One thing I have liked about the plants growing in this setting is we have found we pay closer attention to them than if they were growing in a garden.  Since we walk by them several times a day, we have many opportunities enjoy their beauty and study their blooming habits.

       We have also come to recognize that pollinators tend to visit the flowers more often earlier than later in the day.  I am sure this is linked to nectar flow being greater in the morning.

       The red salvia is in full bloom right now and providing us with some fantastic butterfly and hummingbird viewing opportunities.  For example, with an influx of cloudless sulphurs, more often than not, the blossoms are hosting a few beautiful bright yellow butterflies. 

       Whereas throughout most of the summer, cloudless sulphurs seem elusive, those currently visiting our potted salvia are extremely tame.  In fact, they often allow us to walk up with a yard or less of them without ever removing their long, thin proboscis from a salvia bloom.

       Ruby-throated hummingbirds are also regular visitors.  One morning this week, my wife was standing within five feet of the salvia plants when two rubythroats flew up and fed with paying her any attention.  That was truly an exciting experience.

       If you have never considered planting red salvia in a container, you might want to consider trying it next year.  If you do, I am sure you a pot of red salvia will provide you with hours of gardening and wildlife watching pleasure.  


This dark brown and yellow butterfly can be easily identified without the aid of a pair of binoculars.  The topside of its wings are dark and marked with bands of yellow spots. These bands for an X near the tips of the wings. The longest band extends from wing tip to wing tip.  In comparison, when seen from below, the wings appear predominantly yellow.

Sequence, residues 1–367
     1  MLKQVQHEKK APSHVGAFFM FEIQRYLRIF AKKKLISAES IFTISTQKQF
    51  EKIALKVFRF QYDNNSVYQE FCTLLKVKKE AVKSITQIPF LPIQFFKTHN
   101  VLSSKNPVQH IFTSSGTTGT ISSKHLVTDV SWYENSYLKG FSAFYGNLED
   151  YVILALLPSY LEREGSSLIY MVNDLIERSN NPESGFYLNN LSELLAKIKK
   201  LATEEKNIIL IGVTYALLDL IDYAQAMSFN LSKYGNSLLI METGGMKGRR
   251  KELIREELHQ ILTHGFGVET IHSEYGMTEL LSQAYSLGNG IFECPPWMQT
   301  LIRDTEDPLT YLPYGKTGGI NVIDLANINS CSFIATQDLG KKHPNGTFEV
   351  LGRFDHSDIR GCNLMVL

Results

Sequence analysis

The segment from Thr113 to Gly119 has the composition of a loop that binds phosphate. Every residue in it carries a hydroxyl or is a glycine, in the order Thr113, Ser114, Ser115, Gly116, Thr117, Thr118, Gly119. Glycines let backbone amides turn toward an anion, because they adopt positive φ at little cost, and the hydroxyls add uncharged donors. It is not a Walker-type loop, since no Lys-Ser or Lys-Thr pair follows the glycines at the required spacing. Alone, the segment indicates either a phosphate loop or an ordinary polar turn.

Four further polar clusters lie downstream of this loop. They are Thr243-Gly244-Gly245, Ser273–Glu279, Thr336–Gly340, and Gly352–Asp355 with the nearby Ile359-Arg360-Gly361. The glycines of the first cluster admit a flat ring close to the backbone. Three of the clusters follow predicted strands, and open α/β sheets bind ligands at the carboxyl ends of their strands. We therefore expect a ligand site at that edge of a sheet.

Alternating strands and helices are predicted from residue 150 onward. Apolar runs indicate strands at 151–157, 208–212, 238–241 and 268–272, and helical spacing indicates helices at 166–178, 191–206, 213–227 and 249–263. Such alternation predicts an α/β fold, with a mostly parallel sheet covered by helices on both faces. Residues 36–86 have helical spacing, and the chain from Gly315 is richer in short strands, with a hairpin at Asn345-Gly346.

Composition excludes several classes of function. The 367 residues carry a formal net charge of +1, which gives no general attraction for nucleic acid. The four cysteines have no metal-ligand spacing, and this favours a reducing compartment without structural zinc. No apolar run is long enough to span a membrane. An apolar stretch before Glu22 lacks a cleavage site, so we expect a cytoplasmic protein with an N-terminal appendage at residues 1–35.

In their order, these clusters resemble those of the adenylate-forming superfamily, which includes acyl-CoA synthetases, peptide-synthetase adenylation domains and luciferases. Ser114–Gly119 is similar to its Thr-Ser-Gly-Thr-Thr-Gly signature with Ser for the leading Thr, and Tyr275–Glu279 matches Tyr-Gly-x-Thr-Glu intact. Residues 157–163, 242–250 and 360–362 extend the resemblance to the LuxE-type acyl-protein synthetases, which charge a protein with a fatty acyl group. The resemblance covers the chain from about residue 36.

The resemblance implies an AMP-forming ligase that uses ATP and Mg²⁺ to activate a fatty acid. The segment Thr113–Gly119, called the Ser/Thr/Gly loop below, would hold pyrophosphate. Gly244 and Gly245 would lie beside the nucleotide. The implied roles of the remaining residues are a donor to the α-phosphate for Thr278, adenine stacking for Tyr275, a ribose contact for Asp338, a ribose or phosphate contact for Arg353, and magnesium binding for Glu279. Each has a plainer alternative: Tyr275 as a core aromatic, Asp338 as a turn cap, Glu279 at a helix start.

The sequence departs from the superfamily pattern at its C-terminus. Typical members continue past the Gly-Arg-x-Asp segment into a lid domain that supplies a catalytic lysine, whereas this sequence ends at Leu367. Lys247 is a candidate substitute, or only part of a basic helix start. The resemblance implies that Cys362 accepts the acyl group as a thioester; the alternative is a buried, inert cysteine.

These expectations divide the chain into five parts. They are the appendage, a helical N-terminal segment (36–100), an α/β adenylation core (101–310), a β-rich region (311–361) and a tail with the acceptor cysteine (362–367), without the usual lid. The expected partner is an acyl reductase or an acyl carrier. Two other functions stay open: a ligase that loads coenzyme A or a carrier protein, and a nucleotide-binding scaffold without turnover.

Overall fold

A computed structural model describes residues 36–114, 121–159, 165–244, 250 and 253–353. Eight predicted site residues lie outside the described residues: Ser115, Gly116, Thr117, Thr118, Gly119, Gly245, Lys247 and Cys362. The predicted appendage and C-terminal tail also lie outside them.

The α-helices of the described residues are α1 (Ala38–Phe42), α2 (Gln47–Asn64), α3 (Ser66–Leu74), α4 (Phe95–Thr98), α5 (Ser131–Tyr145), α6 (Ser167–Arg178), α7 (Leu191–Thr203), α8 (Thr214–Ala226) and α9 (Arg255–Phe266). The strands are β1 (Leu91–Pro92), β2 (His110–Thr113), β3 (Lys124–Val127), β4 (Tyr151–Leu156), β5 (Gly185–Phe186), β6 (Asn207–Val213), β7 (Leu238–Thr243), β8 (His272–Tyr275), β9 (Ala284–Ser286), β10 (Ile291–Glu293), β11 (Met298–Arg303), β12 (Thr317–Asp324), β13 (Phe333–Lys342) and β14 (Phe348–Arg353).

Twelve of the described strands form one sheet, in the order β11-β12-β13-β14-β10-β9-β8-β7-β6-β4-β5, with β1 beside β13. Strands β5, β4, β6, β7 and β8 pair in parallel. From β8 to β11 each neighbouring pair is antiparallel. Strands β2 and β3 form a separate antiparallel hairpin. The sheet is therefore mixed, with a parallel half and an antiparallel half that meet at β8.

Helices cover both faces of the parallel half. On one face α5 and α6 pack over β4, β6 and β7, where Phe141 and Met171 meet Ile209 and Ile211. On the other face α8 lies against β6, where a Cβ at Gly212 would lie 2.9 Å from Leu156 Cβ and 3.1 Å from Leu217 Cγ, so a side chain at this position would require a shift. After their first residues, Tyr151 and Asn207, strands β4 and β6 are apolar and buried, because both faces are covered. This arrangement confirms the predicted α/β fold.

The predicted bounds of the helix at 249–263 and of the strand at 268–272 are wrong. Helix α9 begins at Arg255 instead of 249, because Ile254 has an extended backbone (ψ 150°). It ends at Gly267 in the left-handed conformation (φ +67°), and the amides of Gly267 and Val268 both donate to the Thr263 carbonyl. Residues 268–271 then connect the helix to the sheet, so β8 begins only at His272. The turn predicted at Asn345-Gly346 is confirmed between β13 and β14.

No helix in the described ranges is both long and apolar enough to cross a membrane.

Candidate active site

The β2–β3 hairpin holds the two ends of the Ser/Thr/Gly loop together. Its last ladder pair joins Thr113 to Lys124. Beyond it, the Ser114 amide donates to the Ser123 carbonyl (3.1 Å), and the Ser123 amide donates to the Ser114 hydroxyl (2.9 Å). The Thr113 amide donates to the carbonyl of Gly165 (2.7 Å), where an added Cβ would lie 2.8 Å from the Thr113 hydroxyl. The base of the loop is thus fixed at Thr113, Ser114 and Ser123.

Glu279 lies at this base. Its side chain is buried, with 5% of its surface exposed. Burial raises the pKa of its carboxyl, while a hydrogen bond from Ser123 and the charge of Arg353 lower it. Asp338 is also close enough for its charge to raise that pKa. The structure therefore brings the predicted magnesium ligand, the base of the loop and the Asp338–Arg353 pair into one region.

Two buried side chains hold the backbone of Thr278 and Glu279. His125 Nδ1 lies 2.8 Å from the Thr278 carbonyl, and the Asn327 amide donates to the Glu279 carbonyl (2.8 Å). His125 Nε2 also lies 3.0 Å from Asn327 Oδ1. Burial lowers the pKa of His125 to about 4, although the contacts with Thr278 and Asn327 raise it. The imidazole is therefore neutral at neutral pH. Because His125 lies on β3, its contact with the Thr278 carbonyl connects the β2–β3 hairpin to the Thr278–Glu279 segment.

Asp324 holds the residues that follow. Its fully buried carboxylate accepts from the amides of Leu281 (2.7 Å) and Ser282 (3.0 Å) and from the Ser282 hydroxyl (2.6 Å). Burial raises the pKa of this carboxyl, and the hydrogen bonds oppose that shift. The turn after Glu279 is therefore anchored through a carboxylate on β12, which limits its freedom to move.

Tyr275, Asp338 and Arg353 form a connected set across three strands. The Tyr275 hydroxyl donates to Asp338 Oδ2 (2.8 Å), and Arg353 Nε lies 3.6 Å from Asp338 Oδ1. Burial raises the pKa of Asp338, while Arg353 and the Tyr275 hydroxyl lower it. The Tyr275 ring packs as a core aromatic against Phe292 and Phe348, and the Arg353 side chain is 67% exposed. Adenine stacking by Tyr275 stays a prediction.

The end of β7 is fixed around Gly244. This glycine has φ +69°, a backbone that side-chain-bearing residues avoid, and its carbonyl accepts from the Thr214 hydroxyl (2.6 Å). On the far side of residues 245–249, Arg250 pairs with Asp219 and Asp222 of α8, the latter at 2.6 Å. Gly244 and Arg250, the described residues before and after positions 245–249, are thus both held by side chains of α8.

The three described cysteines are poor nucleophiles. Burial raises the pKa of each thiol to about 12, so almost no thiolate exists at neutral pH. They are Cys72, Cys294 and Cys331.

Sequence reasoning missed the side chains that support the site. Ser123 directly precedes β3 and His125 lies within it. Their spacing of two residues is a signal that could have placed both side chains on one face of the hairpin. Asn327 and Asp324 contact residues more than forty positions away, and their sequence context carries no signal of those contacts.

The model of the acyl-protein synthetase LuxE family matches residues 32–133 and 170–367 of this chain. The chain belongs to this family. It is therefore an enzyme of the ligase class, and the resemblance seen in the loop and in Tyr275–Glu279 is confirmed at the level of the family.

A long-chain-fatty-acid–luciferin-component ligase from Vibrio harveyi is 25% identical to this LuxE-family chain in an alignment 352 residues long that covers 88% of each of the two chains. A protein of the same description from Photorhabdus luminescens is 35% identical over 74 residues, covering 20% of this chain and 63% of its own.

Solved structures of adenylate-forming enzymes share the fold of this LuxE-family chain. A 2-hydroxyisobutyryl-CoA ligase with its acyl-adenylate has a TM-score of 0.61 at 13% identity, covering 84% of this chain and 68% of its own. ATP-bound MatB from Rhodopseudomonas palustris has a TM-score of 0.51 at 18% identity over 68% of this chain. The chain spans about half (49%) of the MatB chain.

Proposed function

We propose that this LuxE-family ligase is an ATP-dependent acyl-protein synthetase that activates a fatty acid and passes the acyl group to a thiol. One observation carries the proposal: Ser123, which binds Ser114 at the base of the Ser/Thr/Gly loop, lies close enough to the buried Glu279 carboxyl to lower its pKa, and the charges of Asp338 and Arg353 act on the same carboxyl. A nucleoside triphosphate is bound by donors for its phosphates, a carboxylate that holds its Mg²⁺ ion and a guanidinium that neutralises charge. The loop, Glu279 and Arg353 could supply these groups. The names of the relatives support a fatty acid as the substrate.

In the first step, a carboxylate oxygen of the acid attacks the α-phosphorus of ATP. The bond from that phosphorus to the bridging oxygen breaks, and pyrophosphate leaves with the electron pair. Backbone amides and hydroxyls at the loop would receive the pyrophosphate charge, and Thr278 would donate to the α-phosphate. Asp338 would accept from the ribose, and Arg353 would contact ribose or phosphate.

The giant swallowtail’s characteristic pattern of flight can also help in identifying this large, colorful butterfly.  The butterfly alternately flaps its wings and then glides.  In addition, when the giant swallowtail is feeding at flowers it constantly flutters its wings.

       Although it is possible to spot a giant swallowtail anywhere in the state, those folks that live south of the fall line have the best chance of seeing it. However, during the summer giant swallowtails might show up in backyards just about anywhere.

       The host plants used by the giant swallowtail include wafer ash, prickly ash, trifoliate orange, and Hercules club.





       If you are looking for a native plant that is popular with butterflies and other native pollinators, you should consider mountain mint.

       In case you are not familiar with mountain mint, chances are you can spot it growing along a country road.  The plants stand upwards of three or more feet tall.  Although it is nondescript, it can easily be identified from a distance.  The leaves surrounding the flowers will appear as if they were sprinkled with powdered sugar.  This makes the blossoms seem to be much larger than they really are.

       The small, whitish blossoms are formed in clusters.  The plant blooms from June through August.